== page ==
• Vitamins are organic compounds used by the body in small amounts for various metabolic processes.
  • Vitamin supplements cannot replace a healthy diet.
  • Those who may need vitamin supplements include women who are pregnant or breastfeeding, people who consume alcohol in amounts over those recommended as safe, drug users, and the elderly.
Vitamins are organic compounds that our bodies use, in very small amounts, for a variety of metabolic processes. It is best to get vitamins and minerals from eating a variety of healthy unprocessed foods.

While taking a general ‘broad-spectrum’ vitamin and mineral supplement ‘just in case’ poses little health risk, and may benefit a person whose diet is restricted and lacks variety, taking vitamin and mineral supplements instead of eating a nutritious diet is not recommended.

Vitamin and mineral deficiencies

Your body only needs a small amount of vitamins and minerals every day. A varied diet generally provides enough of each vitamin and mineral. However, some people may need supplements to correct deficiencies of particular vitamins or minerals.

People who may benefit from vitamin and mineral supplements include:
  • pregnant women
  • women who are breastfeeding
  • people who drink alcohol above the amount that is recommended for reducing risk of disease (one standard drink a day for non-pregnant women and two for men)
  • cigarette smokers
  • illegal drug users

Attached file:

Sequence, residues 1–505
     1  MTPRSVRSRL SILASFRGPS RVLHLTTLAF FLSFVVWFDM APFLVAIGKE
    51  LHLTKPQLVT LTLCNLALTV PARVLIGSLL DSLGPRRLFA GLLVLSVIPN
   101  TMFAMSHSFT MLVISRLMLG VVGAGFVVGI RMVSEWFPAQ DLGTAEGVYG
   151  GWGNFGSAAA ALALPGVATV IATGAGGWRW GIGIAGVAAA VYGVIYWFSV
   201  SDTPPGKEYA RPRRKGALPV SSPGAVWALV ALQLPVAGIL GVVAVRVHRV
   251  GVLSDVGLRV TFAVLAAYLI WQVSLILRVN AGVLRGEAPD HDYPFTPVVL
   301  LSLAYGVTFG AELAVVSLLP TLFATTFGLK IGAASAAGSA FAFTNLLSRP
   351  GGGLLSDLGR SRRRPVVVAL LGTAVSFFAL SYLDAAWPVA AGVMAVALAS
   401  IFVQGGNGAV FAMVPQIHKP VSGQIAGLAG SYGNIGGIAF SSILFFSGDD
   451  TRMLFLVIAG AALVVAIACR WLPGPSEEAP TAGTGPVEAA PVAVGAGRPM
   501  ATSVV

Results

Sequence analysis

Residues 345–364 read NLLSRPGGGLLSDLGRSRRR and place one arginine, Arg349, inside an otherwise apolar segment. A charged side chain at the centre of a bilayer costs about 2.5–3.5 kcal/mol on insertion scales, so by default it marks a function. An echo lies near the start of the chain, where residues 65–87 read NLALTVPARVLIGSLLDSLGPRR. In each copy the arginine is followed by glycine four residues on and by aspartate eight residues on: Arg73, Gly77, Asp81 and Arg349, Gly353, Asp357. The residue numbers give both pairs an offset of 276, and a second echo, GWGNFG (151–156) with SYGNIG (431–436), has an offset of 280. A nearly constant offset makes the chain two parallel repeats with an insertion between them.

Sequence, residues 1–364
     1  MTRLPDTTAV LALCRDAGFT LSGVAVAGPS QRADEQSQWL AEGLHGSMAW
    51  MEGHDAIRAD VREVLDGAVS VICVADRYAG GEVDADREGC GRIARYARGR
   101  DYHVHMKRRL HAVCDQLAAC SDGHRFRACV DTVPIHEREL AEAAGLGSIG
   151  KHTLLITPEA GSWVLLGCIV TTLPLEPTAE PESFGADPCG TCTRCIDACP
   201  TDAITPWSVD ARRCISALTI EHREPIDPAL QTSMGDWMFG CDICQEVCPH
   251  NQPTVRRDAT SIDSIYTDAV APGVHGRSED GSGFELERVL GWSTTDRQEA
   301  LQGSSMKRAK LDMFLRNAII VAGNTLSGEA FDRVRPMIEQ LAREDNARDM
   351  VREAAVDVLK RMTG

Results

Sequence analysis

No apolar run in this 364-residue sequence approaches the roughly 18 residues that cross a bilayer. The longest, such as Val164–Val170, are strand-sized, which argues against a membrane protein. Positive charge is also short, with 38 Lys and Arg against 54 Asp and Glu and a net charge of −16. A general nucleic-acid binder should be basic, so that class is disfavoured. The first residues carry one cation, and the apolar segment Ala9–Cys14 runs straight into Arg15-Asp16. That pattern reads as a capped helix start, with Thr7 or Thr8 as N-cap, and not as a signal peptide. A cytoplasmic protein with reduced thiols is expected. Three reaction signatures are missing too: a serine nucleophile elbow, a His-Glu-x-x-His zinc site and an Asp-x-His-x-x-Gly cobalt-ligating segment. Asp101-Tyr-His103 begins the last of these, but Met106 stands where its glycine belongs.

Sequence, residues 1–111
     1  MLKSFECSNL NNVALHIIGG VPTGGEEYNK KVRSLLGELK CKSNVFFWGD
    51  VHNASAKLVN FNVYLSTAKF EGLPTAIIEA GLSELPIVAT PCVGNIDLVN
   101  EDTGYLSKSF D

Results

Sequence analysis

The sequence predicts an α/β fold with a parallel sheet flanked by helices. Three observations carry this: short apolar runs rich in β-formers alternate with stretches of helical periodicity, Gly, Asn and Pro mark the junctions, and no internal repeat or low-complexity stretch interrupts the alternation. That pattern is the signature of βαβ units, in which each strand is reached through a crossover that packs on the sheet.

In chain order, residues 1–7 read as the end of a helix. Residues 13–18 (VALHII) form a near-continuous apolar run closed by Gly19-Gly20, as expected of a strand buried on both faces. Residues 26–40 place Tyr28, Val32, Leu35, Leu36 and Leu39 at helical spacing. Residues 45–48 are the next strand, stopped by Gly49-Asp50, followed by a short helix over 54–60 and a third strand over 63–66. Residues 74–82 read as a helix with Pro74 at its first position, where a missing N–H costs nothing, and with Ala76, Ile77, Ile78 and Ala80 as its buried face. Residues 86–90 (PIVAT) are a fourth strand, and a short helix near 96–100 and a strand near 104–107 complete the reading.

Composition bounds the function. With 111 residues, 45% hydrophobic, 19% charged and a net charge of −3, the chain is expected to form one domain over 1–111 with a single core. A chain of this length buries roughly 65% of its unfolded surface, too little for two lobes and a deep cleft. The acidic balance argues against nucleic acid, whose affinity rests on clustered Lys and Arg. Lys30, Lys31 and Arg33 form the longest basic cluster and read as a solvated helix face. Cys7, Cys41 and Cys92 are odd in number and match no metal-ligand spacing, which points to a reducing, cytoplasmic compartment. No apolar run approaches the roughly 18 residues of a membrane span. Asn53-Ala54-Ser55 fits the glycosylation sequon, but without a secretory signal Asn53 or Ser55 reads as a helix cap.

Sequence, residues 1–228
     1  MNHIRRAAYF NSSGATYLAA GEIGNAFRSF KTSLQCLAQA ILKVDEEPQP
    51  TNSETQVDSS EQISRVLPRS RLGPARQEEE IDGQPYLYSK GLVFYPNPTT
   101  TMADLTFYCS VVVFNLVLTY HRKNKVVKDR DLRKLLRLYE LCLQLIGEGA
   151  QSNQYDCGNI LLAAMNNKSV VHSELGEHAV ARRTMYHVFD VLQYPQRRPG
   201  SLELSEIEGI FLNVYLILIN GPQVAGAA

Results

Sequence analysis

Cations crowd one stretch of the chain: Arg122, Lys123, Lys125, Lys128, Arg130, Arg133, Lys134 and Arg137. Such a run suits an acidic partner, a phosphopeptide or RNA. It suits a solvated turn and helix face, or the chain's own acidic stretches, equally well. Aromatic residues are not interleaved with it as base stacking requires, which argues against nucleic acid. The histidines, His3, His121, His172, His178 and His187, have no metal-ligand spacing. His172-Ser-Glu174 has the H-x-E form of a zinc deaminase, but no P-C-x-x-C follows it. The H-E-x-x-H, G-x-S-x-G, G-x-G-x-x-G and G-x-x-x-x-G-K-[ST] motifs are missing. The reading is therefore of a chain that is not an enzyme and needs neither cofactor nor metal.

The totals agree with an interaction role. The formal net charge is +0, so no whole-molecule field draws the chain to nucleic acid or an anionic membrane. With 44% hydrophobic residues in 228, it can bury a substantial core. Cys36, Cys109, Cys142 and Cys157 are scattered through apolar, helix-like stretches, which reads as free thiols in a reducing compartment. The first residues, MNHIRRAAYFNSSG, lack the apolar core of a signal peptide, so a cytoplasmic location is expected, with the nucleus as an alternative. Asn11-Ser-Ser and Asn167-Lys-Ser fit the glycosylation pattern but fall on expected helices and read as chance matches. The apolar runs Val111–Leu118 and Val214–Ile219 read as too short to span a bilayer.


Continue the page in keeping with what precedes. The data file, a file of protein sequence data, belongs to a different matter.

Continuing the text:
• crash dieters or people on chronic low-calorie diets
  • the elderly (especially those who are disabled or chronically ill)
  • some vegetarians or vegans
  • women with excessive bleeding during menstruation
  • people with allergies to particular foods
  • people with malabsorption problems such as diarrhoea, coeliac disease or pancreatitis.
Women planning a pregnancy should consider taking folic acid (folate) supplements to reduce the risk of neural tube defects in the baby. Folic acid can also be found in some fortified foods such as some breads. Foods fortified with folic acid have the nutrient added to them during production to boost their nutritional value.

Vitamins and minerals from food

Research indicates that most of the vitamins you get from the food you eat are better than those contained in pills. Even though vitamins in supplements are synthesised to the exact chemical composition of naturally-occurring vitamins, they still don’t seem to work as well.

The main exception to this is folate. The synthetic form (in a supplement or fortified food) is actually better absorbed by the body than folate from food sources.

Food is a complex source of vitamins, minerals and phytochemicals (plant chemicals), which all work together. Supplements tend to work in isolation. Research has shown that a food component that has a particular effect on the body may not have the same effect when it is isolated and taken as a supplement. This could be because the vitamins and minerals in foods are also influenced by other components of the food, not just the ‘active ingredient’.